REMEMBER: DO NOT CUE OR GIVE A HAND SIGNAL YET. You need consistent and predictable behavior that happens every time. Even if you have a consistent hand signal, please don’t use it! We want to teach your dog that a verbal cue is also important, and he will not learn a verbal cue if he’s falling back on your hand signals. Keep your hands in a neutral position when training!
BEFORE YOU MOVE ON TO THIS STEP:
- You should have practiced capturing sit with your clicker several times a day for the last week.
- Your dog should now be offering you a sit when you start your training session.
If your dog is not sitting for you without prompting from you go back to the first lesson on sit and practice some more.
TRAINING ENVIRONMENT: Start in the least distracting (most boring) place in your home.
RECOMMENDED TREAT POSITION: On mat or toss.
- Continue to practice capturing the sit.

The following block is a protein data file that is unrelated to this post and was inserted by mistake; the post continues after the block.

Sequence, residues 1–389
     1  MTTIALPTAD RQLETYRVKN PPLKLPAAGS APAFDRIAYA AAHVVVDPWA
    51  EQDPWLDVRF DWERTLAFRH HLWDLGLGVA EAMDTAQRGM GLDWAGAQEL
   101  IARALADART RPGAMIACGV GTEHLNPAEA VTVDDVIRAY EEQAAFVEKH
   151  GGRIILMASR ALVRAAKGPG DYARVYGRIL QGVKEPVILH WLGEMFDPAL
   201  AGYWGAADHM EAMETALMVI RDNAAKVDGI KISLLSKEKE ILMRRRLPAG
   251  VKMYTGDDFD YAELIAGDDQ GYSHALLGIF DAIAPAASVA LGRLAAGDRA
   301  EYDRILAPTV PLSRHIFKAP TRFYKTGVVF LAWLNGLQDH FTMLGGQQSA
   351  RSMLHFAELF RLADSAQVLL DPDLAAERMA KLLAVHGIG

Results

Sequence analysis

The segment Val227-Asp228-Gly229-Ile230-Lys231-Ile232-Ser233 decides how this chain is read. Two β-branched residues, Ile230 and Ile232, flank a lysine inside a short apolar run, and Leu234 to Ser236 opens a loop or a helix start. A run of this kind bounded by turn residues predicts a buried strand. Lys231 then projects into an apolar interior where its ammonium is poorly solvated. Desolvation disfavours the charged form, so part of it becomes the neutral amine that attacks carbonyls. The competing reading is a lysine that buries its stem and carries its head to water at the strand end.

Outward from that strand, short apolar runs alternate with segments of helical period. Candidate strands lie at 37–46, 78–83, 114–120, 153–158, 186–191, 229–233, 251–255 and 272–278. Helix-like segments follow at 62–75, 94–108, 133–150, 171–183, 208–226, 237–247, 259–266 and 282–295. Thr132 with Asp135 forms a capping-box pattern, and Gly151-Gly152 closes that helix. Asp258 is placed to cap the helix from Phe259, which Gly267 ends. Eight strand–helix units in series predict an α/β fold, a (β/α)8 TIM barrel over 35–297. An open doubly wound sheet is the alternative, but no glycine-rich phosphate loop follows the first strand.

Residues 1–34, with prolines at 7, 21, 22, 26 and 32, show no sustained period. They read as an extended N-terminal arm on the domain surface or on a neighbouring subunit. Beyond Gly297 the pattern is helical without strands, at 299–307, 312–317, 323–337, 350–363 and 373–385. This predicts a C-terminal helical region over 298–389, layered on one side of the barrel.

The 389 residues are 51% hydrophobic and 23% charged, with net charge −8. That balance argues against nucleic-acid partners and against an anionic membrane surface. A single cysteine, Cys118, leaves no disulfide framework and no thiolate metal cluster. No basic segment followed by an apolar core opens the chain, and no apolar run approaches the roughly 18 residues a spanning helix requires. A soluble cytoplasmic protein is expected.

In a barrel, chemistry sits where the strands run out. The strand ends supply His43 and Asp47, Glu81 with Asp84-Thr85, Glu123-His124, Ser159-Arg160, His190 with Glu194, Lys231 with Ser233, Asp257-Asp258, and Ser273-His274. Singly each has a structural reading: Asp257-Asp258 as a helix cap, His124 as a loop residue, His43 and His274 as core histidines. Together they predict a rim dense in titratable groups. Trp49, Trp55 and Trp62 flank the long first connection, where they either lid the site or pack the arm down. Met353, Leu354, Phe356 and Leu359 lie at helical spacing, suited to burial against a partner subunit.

- Mix up the amount of time between the time your dog puts his bottom on the floor and the time you click and treat. Click and treat should still be only seconds apart.
- Don’t be linear or predictable, your dog will get bored and stop working. A guessing game will keep him interested and extend the time even faster.
PUPPIES: Practice five repetitions and take a break. Do this two to three times each day.
DOGS: Practice this at least ten repetitions, three times each day.
AT THE END OF THIS STEP:
Your dog should keep his bottom down for five or more seconds.
My dog won’t sit. He just stands there.
- Move to a less distracting environment.
- Take him for a walk or play a game to get rid of any pent-up energy.
- Make sure you are giving him a reward he actually enjoys.
I ask my dog to sit and he won’t do it.
- You may have named it before it was predictable. Keep practicing without the cue. Try again in a day or two.
- The environment may be distracting. Make it easier by selecting a less distracting environment.